So if it has been lying around on your bed or couch, and you cozy yourself up on the same spot, guess what’s going to happen? Allergies.

  • Wash your sheets in hot water.

I’m talking about curtains, the bedding, the cover on your furniture – all those fabrics will catch flakes of your cat’s dried skin. And even if you somehow trained the cat or told the owner to make sure it’s not getting your sheets, you never really know.

Wash them all in hot water, by hand or machine. If you can do it yourself, soak it in hot water with powder.

  • Clean, clean, clean.

Maybe it’s a cat allergy. Maybe it’s the dust and pollen your cat brings in.

Who knows at this point, unless you can afford a doctor to find out about your allergy.

According to WebMD:
Regular housecleaning can get rid of many allergy triggers and help relieve your symptoms. It helps to know some cleaning tips. 

How often? Before a layer of dirt forms a crust on surfaces.

On the other hand, you can never go wrong with a Bengal cat!

I can’t assure you’ll stop being allergic to cats, but because Bengals are hypoallergic, they won’t trigger you as much since they produce fewer allergens than others.

Can you build immunity to cat allergies?

Yes, some are fortunate to develop an immunity to their allergy. On the ugly side of the coin, it could make it worse for you.

What you can do, though, is own a hypoallergenic cat (like a Bengal :D). Let’s tackle more about this in the next question.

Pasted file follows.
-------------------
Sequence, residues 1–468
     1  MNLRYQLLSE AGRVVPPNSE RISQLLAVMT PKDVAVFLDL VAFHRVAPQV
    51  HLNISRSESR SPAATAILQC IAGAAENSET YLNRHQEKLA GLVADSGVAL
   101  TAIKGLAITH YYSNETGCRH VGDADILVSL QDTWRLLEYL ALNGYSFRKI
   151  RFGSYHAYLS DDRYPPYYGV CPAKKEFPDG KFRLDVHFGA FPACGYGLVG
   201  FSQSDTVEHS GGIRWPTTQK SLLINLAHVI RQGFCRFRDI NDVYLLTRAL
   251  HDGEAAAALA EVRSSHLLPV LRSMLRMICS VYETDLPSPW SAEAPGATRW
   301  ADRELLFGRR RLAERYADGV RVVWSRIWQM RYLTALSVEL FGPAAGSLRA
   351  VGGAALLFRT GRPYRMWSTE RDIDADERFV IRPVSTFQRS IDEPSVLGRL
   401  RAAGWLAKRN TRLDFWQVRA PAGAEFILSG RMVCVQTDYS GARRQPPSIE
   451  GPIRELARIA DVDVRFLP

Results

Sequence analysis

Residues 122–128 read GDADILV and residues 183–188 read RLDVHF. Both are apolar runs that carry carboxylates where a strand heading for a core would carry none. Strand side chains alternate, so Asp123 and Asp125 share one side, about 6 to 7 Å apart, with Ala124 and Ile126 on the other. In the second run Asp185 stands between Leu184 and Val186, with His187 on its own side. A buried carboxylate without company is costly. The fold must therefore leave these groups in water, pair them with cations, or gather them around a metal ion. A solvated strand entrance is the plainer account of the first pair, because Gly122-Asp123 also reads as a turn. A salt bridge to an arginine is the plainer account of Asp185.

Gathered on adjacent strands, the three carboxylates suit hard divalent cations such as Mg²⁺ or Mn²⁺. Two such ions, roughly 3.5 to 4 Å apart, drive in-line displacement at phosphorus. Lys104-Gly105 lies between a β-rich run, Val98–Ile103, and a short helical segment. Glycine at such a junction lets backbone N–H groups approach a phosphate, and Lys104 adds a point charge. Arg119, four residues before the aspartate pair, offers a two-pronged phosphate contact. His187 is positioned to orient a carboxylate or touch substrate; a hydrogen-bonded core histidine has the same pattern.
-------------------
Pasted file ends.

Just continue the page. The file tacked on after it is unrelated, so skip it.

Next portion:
Is there a true hypoallergenic cat?

Let me rephrase that question: Is there a cat that doesn’t carry any allergen?

First, to answer your question, a true hypoallergenic cat is a cat that causes just a tiny bit of allergy. I’ve discussed what that word means in the previous questions.

In short, hypoallergenic just means low allergy. A hypoallergenic cat is a pet that doesn’t trigger a reaction for the worse, but only mild symptoms for some (like my mom’s friend to her Bengals).

And then, to answer the rephrased question, no – there is no cat that doesn’t carry any allergen.

Why? Fel d1 protein, the cat allergen to humans, plays a role in the biological system of cats.

BioMedCentral states that Fel d 1 is still unknown in terms of its function. It has been suggested that its role is to protect the skin. 

Other authors believe that Fel d 1 would rather have a role in the transport of lipid molecules, especially steroids, hormones or pheromones.

Either way, to say that there’s a true hypoallergenic cat, which does not make sense to me, is to wish that it’s a cat without the protein Fel d 1 in its system. Every molecule has a role in our body as much as theirs, so the best you can do is enjoy your low-allergen Bengal as much as my mom does.